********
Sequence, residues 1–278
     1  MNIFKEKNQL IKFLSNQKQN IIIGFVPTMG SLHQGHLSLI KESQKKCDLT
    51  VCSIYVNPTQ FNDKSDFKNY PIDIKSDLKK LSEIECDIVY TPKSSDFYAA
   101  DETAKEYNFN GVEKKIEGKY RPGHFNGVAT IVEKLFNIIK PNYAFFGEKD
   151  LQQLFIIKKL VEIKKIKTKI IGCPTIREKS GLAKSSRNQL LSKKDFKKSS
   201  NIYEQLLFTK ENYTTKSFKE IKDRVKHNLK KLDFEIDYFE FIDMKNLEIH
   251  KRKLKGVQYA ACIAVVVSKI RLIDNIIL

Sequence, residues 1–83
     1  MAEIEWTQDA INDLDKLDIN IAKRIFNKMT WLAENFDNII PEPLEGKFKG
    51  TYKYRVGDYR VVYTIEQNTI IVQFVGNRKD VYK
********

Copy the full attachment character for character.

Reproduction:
Sequence, residues 1–278
     1  MNIFKEKNQL IKFLSNQKQN IIIGFVPTMG SLHQGHLSLI KESQKKCDLT
    51  VCSIYVNPTQ FNDKSDFKNY PIDIKSDLKK LSEIECDIVY TPKSSDFYAA
   101  DETAKEYNFN GVEKKIEGKY RPGHFNGVAT IVEKLFNIIK PNYAFFGEKD
   151  LQQLFIIKKL VEIKKIKTKI IGCPTIREKS GLAKSSRNQL LSKKDFKKSS
   201  NIYEQLLFTK ENYTTKSFKE IKDRVKHNLK KLDFEIDYFE FIDMKNLEIH
   251  KRKLKGVQYA ACIAVVVSKI RLIDNIIL

Sequence, residues 1–83
     1  MAEIEWTQDA INDLDKLDIN IAKRIFNKMT WLAENFDNII PEPLEGKFKG
    51  TYKYRVGDYR VVYTIEQNTI IVQFVGNRKD VYK